Unlike most gluten-free beers, which are made from sorghum, rice, buckwheat or other alternative fermentables, the Omission brews are crafted from barley that’s been deglutenized through a proprietary process involving an enzyme called Brewer’s Clarex. The aim is to make a product indistinguishable in flavor from a normal beer.
“They have their own value in the marketplace,” comments Terry Michaelson of sorghum-based beers, “but this [Omission] is something that matches my expectations of what a craft beer is.”
Michaelson, CEO of the Craft Brew Alliance, has more than an academic interest in the product: He was diagnosed with celiac disease 12 years ago. Joe Casey, the brewmaster who formulated the Omission beers, has a wife with the same condition.
The Omission beers, brewed by Widmer Brothers Brewing Co. in Portland, Ore., were scheduled to move into California and Washington State this week. The East Coast release is set for June 11. Look for them in six-packs of 12-ounce bottles.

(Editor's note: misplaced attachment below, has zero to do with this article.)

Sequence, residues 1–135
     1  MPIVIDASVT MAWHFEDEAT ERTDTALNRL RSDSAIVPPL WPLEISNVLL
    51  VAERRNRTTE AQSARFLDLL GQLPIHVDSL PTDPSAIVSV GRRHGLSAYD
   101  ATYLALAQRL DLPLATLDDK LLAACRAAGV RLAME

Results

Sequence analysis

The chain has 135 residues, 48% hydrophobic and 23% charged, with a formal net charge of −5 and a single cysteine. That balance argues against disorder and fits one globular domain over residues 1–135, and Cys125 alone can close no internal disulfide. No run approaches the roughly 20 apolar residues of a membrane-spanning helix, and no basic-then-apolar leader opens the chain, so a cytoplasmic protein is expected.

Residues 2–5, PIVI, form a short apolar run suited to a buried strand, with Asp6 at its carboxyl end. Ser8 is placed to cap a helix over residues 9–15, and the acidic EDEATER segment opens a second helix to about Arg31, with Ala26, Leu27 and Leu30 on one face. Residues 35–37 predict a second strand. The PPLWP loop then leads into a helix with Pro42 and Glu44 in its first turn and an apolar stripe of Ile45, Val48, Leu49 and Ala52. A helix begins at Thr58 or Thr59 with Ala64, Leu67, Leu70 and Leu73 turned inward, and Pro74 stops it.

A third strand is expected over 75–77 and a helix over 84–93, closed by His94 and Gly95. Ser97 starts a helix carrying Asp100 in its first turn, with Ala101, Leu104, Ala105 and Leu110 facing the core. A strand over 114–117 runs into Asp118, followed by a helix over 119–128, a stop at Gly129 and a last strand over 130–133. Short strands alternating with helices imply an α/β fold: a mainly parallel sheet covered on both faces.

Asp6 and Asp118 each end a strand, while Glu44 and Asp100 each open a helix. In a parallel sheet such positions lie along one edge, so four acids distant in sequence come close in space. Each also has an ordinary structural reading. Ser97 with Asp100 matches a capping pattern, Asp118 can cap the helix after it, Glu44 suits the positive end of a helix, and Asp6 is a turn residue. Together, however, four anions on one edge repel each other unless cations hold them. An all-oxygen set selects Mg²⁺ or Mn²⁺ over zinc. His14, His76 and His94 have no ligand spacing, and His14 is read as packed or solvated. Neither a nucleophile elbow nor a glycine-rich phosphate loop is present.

The catch is, to market the beers across state lines, Widmer had to alter the original labels to eliminate the phrase “gluten-free.” Indeed, the label cannot make any statement about gluten at all. “We’ll be relying heavily on the social media to get the word out,” admitted Michaelson.
Although the Craft Brew Alliance claims every batch is laboratory-tested to guarantee it contains 6 ppm or less of gluten, the federal Tax and Trade Bureau — the agency that regulates barley-based beer — doesn’t officially recognize any test for determining the gluten content of a fermented beverage.
Michaelson said the brewery was talking with the TTB, and he was “very optimistic” that a deal will be worked out to permit some sort of statement about the beers’ gluten content (or lack thereof).
The brewers of Omission have some friends in high places. Speaking at the Craft Brewers Conference in San Diego, Rep. Peter DeFazio (D-Ore.), co-chair of the House Small Brewers Caucus, blasted the federal bureaucracy for delaying the marketing of an innovative product.
To promote the efforts of Oregon brewers to make beers safe for celiacs, Portland mayor Sam Adams (yes, that’s his name) declared May 16 to be “Gluten-Free Beer Day.”
If the two Omission beers are successful, the Craft Brew Alliance might follow up with brand extensions, says Michaelson. “Our brewers are already looking at interesting things they can do.”